My noob guide to custom UI elements with Swift in iOS 9

As some of you might know, I recently quit my job as a financial auditor in Big 4 and went on to explore my aspirations with mobile app dev. You can laugh, most do… but now and then there’s someone who actually gets me, someone who even admires my decision. I no longer have the patience to discuss with every single person the exact WHY behind my decision… for most of them quitting a well paid job = suicide… for me the freedom to write this blog post at noon on a working day = freedom.

And after getting this totally unrelated side thought out-of-the-way, let me share my experience as a programmer for 2 months now!

I am working on a personal task manager project (yeah, I know… task manager, right?! 😀 ) and I’ve eyed some quite fancy apps that have their own custom bottom menus. I know Apple wants us to conform, but I’ve been a silent rebel my whole life, so I decided to go for it and create my custom menu. Needless to say, I had no idea where to start from. I thought to myself, ‘First I have to design this *@#&!’. That’s how I got this awesome blue-print.

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Then it was time to start to actually do something about it… but where to start?!

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Ok, I did that and realised… it was time to finally step it up and start doing some real work.

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I started reading around stackoverflowraywenderlich.com and even the iOS Developer Documentation. Now, don’t get me wrong, I know that reading documentation is a must and am trying to do so as often as bearable. But, from my perspective of a financial specialist, technical (or programming, no idea) documentation is absolutely horrible! It’s better now, but at first it was so unreadable, so poorly structured even! Anyway, after reading a lot about UINavigationController, about the Navigation stack it provides, about UINavigationBar and UIToolbar, it was clear for me that a custom UIToolbar is the way to go!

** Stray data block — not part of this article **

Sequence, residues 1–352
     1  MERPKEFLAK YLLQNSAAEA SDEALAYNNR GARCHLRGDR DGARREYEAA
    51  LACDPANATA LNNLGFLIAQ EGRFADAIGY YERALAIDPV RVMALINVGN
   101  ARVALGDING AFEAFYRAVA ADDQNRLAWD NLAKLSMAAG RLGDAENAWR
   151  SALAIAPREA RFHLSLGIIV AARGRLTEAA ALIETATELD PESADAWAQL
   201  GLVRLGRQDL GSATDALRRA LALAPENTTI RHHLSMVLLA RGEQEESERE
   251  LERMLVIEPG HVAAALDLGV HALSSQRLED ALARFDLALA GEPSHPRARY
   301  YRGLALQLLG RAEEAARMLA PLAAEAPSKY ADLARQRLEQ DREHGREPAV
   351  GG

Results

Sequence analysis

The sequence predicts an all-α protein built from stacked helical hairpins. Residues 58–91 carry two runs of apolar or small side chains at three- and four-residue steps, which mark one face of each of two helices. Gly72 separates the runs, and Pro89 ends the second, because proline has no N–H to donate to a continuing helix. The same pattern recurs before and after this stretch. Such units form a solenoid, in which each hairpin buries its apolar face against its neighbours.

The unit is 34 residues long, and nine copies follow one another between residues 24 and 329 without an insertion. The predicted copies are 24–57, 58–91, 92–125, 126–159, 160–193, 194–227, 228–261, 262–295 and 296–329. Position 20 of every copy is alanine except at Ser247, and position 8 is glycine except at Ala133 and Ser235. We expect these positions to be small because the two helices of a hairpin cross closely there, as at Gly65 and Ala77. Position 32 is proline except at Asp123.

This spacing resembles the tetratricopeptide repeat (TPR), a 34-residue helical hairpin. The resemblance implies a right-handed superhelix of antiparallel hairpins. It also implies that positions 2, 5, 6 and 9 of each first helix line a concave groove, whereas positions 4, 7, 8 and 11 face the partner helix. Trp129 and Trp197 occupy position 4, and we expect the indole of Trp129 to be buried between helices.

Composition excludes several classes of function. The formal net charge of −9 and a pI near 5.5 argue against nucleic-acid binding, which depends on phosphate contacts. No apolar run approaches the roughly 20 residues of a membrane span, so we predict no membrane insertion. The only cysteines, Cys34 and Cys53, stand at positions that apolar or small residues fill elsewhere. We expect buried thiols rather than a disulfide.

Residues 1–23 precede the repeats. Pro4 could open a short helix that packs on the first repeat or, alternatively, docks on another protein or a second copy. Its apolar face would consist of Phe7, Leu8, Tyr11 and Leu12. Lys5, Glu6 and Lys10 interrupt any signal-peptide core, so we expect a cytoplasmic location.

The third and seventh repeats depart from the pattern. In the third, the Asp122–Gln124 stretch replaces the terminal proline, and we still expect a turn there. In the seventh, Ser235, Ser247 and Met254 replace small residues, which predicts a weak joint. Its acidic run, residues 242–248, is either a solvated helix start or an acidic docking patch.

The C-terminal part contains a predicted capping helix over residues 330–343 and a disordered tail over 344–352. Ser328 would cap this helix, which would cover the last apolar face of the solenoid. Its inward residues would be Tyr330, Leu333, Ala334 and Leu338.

A toolbar is a control that displays one or more buttons, called toolbar items. A toolbar momentarily highlights or does not change the appearance of an item when tapped.

– iOS Developer Documentation

Maybe seeing this definition in the quite short page on UIToolbar should have given me a clue that this is not the way to go for my ‘custom UI element’ ambition. After reviewing the documentation on UIToolbar which took like less than 5 minutes, it turned out that you can only go that far with customizing the appearance.

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At first I was like ‘What?! *@#&!’ It turned out you have quite limited options with toolbars. Not to mention I didn’t even quite understand the second half of those.

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After reading a bunch of tutorials on customizing the UIToolbar and adding custom buttons to it, as well as using image tiles (why, God, why?!) as background for the buttons and the toolbar itself, I started to think that a customised toolbar might not be the right way to go to carry out my idea.